Finally on Monday morning I caught “Science Fiction and Futures Studies,” which ran like a sequel to the previously mentioned panel, again with Brin, Nordley, Lyau, and Lombardo, though not quite so crowded, because Monday. They discussed the differences between the purposes of SF as fiction, and futures studies, which Brin makes half his living by, advising corporations around the world how the world might change and what to expect. Wells did both, in his numerous novels. Again Brin reacted, about how the right has blind faith in markets, and doesn’t believe in foresight; that markets, like sports, need regulations in order to eliminate cheating, and prosper. Lyau recalled futurist bestsellers like FUTURE SHOCK and MEGATRENDS [I have old paperback copies of both] and Brin advised Googling “David Brin idiot plot” to find his essay on the common clichés of most Hollywood films: “I will ruin all movies for you!” he claimed. (Heh; Gary Westfahl has just done something similar about YA dystopian films, and novels, in his review here, https://locusmag.com/2018/08/an-awful-warning-in-more-ways-than-one-gary-westfahl-reviews-the-darkest-minds/, and gotten the usual internet flack.)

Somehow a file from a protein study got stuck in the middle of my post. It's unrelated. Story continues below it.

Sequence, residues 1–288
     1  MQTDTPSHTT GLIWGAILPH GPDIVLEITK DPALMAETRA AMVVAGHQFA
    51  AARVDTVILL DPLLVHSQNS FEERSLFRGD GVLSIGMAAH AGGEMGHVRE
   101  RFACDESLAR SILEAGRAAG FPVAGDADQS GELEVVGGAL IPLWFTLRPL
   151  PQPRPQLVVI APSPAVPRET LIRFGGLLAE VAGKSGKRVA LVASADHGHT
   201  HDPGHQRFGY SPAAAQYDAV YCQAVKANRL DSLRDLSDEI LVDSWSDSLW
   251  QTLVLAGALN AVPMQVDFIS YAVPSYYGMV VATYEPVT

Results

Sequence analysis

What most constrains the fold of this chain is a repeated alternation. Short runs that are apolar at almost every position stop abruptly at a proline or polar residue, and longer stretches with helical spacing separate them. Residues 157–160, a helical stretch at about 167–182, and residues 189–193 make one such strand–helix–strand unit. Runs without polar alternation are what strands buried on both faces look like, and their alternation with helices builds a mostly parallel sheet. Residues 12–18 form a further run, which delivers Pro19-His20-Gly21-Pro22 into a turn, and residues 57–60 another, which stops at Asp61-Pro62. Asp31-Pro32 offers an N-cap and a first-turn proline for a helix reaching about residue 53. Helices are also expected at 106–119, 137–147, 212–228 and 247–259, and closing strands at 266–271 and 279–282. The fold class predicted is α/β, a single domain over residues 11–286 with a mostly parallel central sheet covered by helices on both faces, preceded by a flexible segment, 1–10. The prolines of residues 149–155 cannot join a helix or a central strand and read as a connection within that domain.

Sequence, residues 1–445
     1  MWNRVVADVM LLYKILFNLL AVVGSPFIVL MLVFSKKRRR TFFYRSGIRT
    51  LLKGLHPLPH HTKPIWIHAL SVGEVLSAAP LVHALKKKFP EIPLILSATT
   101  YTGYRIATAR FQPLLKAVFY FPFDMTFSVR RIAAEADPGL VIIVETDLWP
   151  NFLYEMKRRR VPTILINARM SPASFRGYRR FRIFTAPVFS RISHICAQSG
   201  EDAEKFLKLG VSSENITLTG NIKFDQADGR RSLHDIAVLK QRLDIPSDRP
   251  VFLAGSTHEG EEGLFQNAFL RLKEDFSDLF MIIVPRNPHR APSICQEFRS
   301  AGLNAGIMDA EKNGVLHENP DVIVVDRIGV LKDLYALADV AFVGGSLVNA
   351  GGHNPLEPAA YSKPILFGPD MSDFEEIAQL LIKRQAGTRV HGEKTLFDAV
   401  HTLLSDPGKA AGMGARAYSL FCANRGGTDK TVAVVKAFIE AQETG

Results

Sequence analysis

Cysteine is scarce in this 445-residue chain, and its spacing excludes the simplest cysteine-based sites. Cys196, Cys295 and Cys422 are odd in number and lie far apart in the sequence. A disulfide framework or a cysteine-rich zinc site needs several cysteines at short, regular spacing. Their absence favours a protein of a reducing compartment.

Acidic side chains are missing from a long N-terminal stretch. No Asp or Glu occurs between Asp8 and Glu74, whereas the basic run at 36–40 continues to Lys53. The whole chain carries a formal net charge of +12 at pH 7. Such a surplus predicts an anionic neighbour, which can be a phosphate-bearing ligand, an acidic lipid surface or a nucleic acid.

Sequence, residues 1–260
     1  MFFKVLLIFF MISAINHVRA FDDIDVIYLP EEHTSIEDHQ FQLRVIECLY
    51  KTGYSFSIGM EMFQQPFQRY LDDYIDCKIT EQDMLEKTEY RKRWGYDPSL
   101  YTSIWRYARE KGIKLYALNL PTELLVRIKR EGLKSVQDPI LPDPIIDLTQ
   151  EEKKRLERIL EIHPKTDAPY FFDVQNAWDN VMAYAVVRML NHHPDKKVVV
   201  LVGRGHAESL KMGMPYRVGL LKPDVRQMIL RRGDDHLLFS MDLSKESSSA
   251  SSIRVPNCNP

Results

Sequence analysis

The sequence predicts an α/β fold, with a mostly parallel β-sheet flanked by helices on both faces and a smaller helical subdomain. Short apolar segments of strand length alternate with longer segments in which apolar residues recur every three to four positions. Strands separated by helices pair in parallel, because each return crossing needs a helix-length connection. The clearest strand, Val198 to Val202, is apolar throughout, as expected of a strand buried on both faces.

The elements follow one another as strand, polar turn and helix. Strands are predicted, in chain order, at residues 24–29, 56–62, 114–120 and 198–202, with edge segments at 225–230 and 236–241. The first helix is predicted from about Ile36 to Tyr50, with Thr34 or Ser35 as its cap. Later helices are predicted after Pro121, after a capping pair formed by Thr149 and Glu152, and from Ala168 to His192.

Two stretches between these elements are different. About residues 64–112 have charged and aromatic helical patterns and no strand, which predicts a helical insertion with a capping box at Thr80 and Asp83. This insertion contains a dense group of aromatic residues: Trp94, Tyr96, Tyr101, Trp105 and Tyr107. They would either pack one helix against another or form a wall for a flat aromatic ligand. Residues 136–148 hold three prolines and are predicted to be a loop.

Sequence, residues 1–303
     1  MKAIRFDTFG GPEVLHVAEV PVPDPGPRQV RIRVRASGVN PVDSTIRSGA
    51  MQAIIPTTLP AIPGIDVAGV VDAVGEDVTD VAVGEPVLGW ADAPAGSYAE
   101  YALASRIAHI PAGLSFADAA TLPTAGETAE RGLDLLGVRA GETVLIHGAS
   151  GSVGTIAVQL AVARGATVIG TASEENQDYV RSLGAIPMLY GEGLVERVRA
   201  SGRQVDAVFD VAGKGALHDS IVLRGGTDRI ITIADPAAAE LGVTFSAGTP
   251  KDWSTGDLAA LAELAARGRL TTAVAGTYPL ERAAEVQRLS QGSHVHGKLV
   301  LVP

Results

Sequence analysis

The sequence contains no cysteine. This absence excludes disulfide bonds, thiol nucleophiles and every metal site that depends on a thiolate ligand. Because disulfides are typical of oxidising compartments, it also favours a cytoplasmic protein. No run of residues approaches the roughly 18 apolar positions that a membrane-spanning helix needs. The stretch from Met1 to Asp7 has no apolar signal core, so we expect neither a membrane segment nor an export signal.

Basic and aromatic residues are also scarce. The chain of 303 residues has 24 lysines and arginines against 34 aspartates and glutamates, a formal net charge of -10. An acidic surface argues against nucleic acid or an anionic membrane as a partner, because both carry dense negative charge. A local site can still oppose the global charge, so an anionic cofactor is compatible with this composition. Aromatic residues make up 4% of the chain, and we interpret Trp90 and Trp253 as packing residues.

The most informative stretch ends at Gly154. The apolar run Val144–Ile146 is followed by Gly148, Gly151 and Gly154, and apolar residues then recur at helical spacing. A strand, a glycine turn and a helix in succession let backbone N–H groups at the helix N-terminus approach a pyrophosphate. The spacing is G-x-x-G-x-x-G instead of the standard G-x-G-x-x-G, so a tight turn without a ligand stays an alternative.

I mentioned before that the SF pro’s don’t show up to panels; presumably they’re secure in their careers or too busy making deals. For me, not really an SF professional, just an accomplished fan, I am always looking to learn. That’s why I still keep going to panels, and why, after a six-year break, I think I need to resume going to conventions, at least a couple a year.